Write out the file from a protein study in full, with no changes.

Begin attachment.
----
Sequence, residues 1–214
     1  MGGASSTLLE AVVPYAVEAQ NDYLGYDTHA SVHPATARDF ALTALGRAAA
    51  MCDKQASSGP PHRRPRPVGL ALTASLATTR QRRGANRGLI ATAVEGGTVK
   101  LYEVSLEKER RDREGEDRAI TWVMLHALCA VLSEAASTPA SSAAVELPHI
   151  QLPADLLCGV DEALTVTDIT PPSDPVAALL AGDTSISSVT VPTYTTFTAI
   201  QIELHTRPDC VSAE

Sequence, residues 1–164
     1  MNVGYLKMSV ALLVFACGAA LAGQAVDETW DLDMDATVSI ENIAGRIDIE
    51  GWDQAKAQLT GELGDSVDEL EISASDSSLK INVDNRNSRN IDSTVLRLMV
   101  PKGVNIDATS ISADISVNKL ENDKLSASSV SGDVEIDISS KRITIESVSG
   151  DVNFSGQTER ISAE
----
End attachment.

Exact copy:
Sequence, residues 1–214
     1  MGGASSTLLE AVVPYAVEAQ NDYLGYDTHA SVHPATARDF ALTALGRAAA
    51  MCDKQASSGP PHRRPRPVGL ALTASLATTR QRRGANRGLI ATAVEGGTVK
   101  LYEVSLEKER RDREGEDRAI TWVMLHALCA VLSEAASTPA SSAAVELPHI
   151  QLPADLLCGV DEALTVTDIT PPSDPVAALL AGDTSISSVT VPTYTTFTAI
   201  QIELHTRPDC VSAE

Sequence, residues 1–164
     1  MNVGYLKMSV ALLVFACGAA LAGQAVDETW DLDMDATVSI ENIAGRIDIE
    51  GWDQAKAQLT GELGDSVDEL EISASDSSLK INVDNRNSRN IDSTVLRLMV
   101  PKGVNIDATS ISADISVNKL ENDKLSASSV SGDVEIDISS KRITIESVSG
   151  DVNFSGQTER ISAE